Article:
The EU is providing around 1.2 billion euros in financial support for Palestinian organizations for the years 2021 to 2024. For Brussels, the project funding should “support the prospect of Palestinian statehood, contribute to sustainable economic and social development in Palestine, promote human rights and democratization.” In addition, “effective and accountable governance and institutions should be strengthened in order to support a Palestinian state, which can assume the obligations provided for in the two-state solution”.
However, since 2021, some of these Palestinian institutions, which receive funding from the EU, have been declared by Israeli authorities to be sponsors of terrorism, and their offices have been raided and some have been closed. Some of the Palestinian NGOs are also said to actively support or collaborate with the BDS movement, which the EU classifies as anti-Semitic.
Among the organizations, it is the Al-Haq organization that has come under public criticism. It regularly publishes reports on repression and human rights violations by the Israeli occupying power, but also by the Palestinian Authority (PA). It is funded by the EU, Germany, Sweden, Norway, Denmark, Italy and France. For the most part, more precise figures cannot be obtained because neither Al-Haq nor some European governments disclose the funding amounts.
In a joint statement last year, the foreign ministries of Germany and eight other EU countries announced that the material provided by Israel about Al-Haq and the other NGOs contained “no essential information” that would justify revoking the previous funding policy. After the Israeli allegations, some donor countries suspended their support and spent months carefully examining dossiers on the organizations prepared by the Israeli intelligence service. According to the unanimous opinion of several EU member states, including Germany, Denmark and France, as well as the USA, Norway and Switzerland, the Israeli documents contained no evidence of the serious allegations.
An earlier version of such a secret Israeli dossier, with which the government there had already tried in May 2021 to discredit the same organizations with donors, has been published as a leak on the Internet. Surprising, as it was operated with unsubstantiated allegations, not with evidence. Eventually, the donor countries denied the allegations and announced that they would continue funding the institutions concerned. In the so-called C-areas, those 60 percent of the occupied West Bank that are completely controlled by Israel and where most housing units are being built in settlements, the work revolves around access to Palestinian resources, i.e. land and water rights farming and pastoral families. According to Israel, all of this is just a cover to divert funds to the PFLP. The Israeli government has not presented any evidence of this, but has loudly accused the EU of terrorist financing, which Federica Mogherini, as foreign affairs officer, had already firmly rejected in 2018.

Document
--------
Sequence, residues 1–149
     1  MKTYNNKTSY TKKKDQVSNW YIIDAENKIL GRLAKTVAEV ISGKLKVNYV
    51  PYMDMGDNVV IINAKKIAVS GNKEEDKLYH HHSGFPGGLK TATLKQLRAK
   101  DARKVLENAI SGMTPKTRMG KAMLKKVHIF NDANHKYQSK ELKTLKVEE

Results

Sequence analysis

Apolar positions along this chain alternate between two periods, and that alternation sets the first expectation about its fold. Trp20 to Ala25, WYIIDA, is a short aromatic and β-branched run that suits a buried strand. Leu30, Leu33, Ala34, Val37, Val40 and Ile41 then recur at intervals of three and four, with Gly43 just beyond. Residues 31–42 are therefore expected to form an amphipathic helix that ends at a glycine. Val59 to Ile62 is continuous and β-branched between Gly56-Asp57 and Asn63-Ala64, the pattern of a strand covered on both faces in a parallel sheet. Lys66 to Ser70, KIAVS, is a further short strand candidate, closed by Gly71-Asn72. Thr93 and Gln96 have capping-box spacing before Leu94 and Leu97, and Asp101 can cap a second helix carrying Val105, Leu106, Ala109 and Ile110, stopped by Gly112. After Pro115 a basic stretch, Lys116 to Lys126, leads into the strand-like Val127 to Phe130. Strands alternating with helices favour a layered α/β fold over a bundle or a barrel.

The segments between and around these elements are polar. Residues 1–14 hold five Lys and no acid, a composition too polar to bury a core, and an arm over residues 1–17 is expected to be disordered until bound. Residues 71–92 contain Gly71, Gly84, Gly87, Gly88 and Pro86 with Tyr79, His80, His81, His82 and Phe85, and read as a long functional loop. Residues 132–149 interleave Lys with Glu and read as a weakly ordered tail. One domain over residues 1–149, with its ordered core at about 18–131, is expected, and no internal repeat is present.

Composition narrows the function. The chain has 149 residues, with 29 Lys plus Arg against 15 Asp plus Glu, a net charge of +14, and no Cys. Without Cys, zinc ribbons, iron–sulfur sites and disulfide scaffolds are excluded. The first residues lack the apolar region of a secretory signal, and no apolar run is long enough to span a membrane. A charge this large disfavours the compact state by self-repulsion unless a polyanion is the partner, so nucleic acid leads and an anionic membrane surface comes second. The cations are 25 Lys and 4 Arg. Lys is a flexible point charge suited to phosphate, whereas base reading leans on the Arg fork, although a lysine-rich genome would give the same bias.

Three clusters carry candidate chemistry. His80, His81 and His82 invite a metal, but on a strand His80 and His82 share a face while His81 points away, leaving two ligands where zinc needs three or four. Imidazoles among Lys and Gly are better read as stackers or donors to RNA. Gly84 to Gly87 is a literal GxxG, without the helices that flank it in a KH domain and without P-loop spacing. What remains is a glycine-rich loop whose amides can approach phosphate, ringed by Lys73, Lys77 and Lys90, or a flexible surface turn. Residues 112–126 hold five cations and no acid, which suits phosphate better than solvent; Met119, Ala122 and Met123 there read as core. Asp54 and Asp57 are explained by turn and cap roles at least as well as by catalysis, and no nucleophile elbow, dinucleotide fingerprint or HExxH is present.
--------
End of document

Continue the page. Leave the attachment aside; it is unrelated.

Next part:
Now there are signs that some European governments could change course, including in Berlin. It is now believed that the Palestinian organizations are ultimately an extension of the Popular Front for the Liberation of Palestine (PFLP) and are diverting funds to them. The PFLP, a Marxist-Leninist organization founded in 1967, has been listed as a terrorist organization by Israel, but also by the EU and the USA.
The head of Al-Haq, Shawan Jabarin, claims to be a member of the PFLP, the human rights organization has not published any donation declarations since 2009, and the world’s leading credit card companies such as Visa, Mastercard and American Express have been prohibiting money transfers to the NGO for six years .
The EU’s statement of July last year – which Norway followed shortly thereafter – was perceived as a strong statement in favor of the six NGOs. It said quite emphatically that in the absence of convincing evidence of involvement in terrorism, the Europeans would continue their “clear support” for Palestinian civil society. As a reassurance, however, the sentence was also included: “Should contrary evidence be made available, we would act accordingly.”
Israel continued its efforts to persuade foreign partners to stop funding the six NGOs. Further evidence was made available, but not to all EU donor countries: Germany received preferential treatment from the Israeli side. Jerusalem sees the federal government as an important player in Europe and presumably assumes that other countries will follow Berlin’s example.
The Ministry of the Interior in Berlin now considers the Israeli allegations to be plausible. The test question was asked whether the organizations concerned would also be banned in Germany given the current state of affairs. The answer was ‘probably yes’.
The German Foreign Ministry seems to have a different point of view here. The thesis that the six NGOs are ultimately front organizations of the PFLP and are controlled by it in order to divert foreign funding through complex deception maneuvers is still doubted there. Even the new material that Israel presented hasn’t changed much. The conflict between the ministries appears to be continuing. If there is no agreement on the matter or no other solution, for example through intervention from the Chancellery, this should ultimately lead to decisions on further funding being suspended.
Critics believe Israel’s designation of the six NGOs as terrorist was politically motivated. This assumption is supported by the fact that Israel has not arrested anyone from the organizations concerned since then. There are also no legal proceedings against the NGOs. The six organizations were not even given details of the allegations on which the classification as terrorist groups was based.
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